Have you ever noticed the way banks celebrate
their kills? This is one of dozens of Wells Fargo branches
on and around Market Street in San Francisco. But if you look closely you can see the bones
of the institution that built the building. I love Capitalism. But I do not like the US banking system.These
two statements do not contradict each other. In 2008 the too big to fail banks almost killed
us. Everybody has their favorite explanation for
the crisis. But nobody disputes the structural issue that
faced US regulators in the fall of 2008. Shit went haywire, banks started failing and
we had a problem. Banks that screw up should fail. That’s capitalism, or how it should work
anyway. The problem was that US and world banking
entities had gotten too big to fail. If they failed they’d take the whole system
with them. So they had to be saved. The necessary measures in 2008 and 2009 made
the problem worse. The banks got bigger. Wells Fargo in particular made out like a
bandit, scooping up the remnants of Wachovia, a bank that was juuust small enough to fail. Once the crisis passed we took a look at what
we could do. The answer Washington, DC gave us was the
Dodd Frank act. It was supposed to help with the too big to
fail problem, but it also did about a million other things. In 22,000 pages of regulation, it tackled
every problem under the sun. It certainly made the business of banking
less attractive. I’m no expert, but I wouldn’t be surprised
if it also made a lot of other economic activity harder as well. One thing is not in dispute. It made the too big to fail problem worse. Every bank in the world now needed a couple
Wall Street lawyers to comply with all these new regulations. The bigger a bank was, the better it was going
to be at complying with all these new rules. The few provisions in Dodd Frank that actually
hit big banks, like the Volcker Rule, have been implemented slowly, and against all the road blocks that teams of lawyers can throw up. The legislation has been great at protecting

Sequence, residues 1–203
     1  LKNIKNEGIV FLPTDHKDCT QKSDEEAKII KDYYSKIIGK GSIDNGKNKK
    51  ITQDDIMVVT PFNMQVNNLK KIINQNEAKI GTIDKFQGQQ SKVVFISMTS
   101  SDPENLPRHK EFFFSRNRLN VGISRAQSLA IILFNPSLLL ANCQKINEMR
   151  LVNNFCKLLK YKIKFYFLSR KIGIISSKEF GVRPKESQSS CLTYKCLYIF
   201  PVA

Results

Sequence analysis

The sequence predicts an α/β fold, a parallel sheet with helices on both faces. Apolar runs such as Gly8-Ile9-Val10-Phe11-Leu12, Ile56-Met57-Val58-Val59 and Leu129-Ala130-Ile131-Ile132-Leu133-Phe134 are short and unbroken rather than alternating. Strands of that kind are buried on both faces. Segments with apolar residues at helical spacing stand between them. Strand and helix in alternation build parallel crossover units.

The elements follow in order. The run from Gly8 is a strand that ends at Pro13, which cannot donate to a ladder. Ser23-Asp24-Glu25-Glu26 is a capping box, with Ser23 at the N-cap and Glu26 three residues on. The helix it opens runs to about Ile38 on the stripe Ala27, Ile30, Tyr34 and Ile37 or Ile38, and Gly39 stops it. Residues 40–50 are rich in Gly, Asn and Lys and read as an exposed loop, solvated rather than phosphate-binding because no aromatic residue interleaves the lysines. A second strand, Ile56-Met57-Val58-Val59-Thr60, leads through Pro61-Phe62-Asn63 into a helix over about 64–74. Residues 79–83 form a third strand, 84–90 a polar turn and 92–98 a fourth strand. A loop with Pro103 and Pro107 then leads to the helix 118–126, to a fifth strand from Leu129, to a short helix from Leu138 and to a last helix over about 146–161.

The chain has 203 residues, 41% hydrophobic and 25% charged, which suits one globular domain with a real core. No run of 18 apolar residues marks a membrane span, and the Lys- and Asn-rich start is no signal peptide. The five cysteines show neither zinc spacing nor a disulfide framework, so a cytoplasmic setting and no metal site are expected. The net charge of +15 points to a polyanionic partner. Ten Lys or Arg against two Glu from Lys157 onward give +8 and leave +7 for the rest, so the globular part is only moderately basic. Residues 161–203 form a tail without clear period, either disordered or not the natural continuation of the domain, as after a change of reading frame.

big banks from competition. Many smaller banks, who can’t afford Wall
Street lawyers, have given up and closed. So Dodd Frank failed to address the main problem. The stock markets have been surging lately,
largely on the expectation that Trump will do away with the Dodd Frank reforms. 5 of the 30 firms that make up the Dow Jones
Industrial average are financial firms, and they’re all surging. This may lead to some short term economic
growth, but it’s worth taking a second look. Dodd Frank protected too big to fail banks
throughout the Obama years. Trump may take the leash off, and let them
go crazy. This leaves us in the same position we were
in the early 2000s, but worse. The Banks are bigger, and they have less competition. The structural problems are all still there,
and they are getting bigger. So yeah, the dancing days are here again. The economy seems to be surging, and San Francisco has a new tallest building going
up South of Market. But I’m worried about the foundations. Thanks for watching, please subscribe, and
you might also want to consider signing up for my e-mail newsletter. I’ve got some non-YouTube stuff coming up
soon, and the e-mail list is the best way to hear about it. Thanks.

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7 thoughts on “Are We Headed For Another Recession?”

  1. Good Video Composition. I think you should stick to taking videos and talking over them. Also, it would have been a lot more dramatic if the camera center to the whiteboard, and if there was better lighting in the room. Some of the stuff I couldn't read.

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